The administration has pushed Maliki to be more inclusive—as U.S. officials did unsuccessfully when America still occupied that nation. In his inimitable fashion, Vice President Joe Biden called on Iraqis to “pull together” to end sectarianism. Receiving no response to this stirring call to action, Washington now is not so subtly attempting to oust Maliki from power. This is a dubious venture.
For the record the president stated that it is “not the place for the United States to choose Iraq’s leaders.” However, a week ago the president said that a precursor to American military action was “a political plan by Iraqis that gives us assurances that they are prepared to work together.” Maliki then pointedly rejected demands for his scalp, even as a condition of aid. After all, he has been in power for eight years and finished first in the parliamentary election two months ago.
Now the administration is promising assistance, which likely will increase Maliki’s determination to stand firm. His spokesman called on Washington to back the government against ISIS rather than encourage personnel changes. Many Shiites have rallied around Maliki and Iran continues to back him. Any concessions he reluctantly grants could be revoked the moment the crisis passes. The U.S. effort to displace him will make cooperation with Maliki and his supporters more difficult.
Even successfully defenestrating him might bring little improvement—in searching for a new premier U.S. officials apparently have been talking with a number of figures, some of whom are untested or even less credible than Maliki. Such as Ahmed Chalabi, the corrupt expatriate once on Washington’s payroll whose “informant” helped lie America into the war. Afterwards Chalabi became quite friendly with the Iranians. He is an unlikely miracle‐worker. Moreover, pushing someone else into power would tie America to him, something Washington oft has ended up regretting. The U.S. once promoted Maliki.
Military action is even more problematic. Airpower offers no simple solution. The allies employed some 25,000 strikes on behalf of highly‐motivated opposition forces in Libya and the latter still took several months to triumph in a desert‐oriented campaign. Air strikes have limited effectiveness in urban warfare and cannot liberate captured cities. To limit “collateral damage” airpower best relies on ground support for targeting, something that could not be left to sectarian Iraqi forces.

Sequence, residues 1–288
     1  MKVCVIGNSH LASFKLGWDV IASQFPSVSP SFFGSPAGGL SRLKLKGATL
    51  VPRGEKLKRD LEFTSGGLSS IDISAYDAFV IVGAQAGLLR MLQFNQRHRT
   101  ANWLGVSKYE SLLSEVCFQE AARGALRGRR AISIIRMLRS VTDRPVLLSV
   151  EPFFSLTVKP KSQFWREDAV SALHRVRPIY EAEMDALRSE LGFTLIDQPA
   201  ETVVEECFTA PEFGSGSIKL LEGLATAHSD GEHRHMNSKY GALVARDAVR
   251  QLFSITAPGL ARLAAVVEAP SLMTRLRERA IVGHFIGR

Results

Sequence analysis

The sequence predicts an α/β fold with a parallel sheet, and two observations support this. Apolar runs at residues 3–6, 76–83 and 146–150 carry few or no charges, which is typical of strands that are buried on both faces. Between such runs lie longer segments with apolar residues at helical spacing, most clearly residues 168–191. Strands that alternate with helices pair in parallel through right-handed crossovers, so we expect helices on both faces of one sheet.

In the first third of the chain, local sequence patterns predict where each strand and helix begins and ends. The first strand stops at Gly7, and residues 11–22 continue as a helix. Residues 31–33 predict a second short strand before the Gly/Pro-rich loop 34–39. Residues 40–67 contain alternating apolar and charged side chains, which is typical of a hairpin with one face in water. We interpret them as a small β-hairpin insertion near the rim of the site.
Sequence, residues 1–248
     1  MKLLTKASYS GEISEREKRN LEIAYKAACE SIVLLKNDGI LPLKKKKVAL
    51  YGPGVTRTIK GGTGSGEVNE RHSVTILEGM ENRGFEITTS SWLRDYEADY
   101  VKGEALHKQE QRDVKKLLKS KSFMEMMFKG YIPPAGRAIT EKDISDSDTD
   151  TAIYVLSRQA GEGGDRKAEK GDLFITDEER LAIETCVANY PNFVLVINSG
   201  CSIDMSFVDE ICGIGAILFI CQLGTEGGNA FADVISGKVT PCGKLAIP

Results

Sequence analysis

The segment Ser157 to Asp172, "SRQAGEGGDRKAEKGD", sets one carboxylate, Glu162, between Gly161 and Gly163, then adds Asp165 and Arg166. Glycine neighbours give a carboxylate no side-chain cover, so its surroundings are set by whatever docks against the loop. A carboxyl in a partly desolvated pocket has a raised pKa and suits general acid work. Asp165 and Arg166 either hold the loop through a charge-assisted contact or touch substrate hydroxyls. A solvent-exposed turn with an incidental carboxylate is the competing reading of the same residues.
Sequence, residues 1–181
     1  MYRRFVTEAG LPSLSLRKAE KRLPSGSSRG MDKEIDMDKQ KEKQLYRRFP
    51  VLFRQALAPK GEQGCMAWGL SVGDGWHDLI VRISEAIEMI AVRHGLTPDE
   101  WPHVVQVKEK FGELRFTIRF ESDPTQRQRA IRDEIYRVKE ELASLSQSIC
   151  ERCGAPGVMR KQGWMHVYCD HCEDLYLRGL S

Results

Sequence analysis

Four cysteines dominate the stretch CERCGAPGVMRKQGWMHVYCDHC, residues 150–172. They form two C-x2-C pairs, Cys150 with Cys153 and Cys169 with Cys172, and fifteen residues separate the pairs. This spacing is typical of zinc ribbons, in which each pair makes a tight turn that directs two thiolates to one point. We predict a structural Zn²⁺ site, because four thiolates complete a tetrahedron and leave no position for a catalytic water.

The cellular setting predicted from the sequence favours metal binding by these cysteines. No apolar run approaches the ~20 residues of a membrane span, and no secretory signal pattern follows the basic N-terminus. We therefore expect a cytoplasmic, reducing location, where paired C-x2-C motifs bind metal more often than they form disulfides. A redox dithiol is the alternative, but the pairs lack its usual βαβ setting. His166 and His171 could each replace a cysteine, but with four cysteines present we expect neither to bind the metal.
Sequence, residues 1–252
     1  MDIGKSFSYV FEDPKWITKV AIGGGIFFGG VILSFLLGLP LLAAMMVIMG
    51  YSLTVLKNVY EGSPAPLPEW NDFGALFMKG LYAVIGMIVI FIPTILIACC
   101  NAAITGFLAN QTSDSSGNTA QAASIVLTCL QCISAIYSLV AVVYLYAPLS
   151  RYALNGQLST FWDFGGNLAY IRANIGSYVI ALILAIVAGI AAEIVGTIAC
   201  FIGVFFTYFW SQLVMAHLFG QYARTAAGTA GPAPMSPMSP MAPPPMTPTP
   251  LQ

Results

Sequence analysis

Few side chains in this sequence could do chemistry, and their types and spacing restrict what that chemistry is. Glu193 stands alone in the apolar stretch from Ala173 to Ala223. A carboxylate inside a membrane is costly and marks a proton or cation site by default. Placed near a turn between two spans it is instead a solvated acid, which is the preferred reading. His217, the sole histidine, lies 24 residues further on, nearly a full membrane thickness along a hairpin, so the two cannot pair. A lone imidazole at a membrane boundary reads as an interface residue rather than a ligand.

Unfortunately, while an air campaign would minimize the risk to U.S. military personnel it would not insulate Americans from terrorism. Another war on Muslims would make even more enemies of America. Indeed, targeting Sunni areas would mean killing people, including noncombatants, who once allied with Washington against al‐Qaeda, the key to the success of the Bush “surge.” The U.S. cannot escape blowback if it joins another Mideast conflict.
A durable solution is more likely to emerge from diplomatic consultations among the major Middle Eastern powers, Shiite and Sunni. De facto partition, perhaps with autonomous Shia, Sunni, and Kurdish zones within a highly federalized state, offers at least a possibility of peaceful coexistence. Something similar may be best for Syria as well, with the artificial historic boundaries honored for purposes of international diplomacy but little more. While Washington could help advance such an approach, no plan will succeed without support of regional states and local peoples.
The Middle East appears to be a tragedy permanently set on repeat. That is a reason for America to stay out, not jump in. Speaking of Iran’s sectarian proclivities, the president opined that “old habits die hard.” His sentiment more accurately applies to Washington’s compulsion to intervene militarily all over the world all the time.
A decade ago America foolishly blew up one of the most important countries in the Middle East. The rise of ISIS and fragmentation of Iraq are merely two among many unintended consequences of the U.S. invasion. Obviously the U.S. did not leave behind “a sovereign, stable and self‐reliant Iraq,” as President Obama claimed in 2011. Getting involved again will not do so either. America cannot put Humpty Dumpty back together again. Washington should learn a little humility and leave the clean‐up to others.
Invading Iraq was a disastrous decision. Americans have paid in blood; Barack Obama should not repeat Bush’s mistake.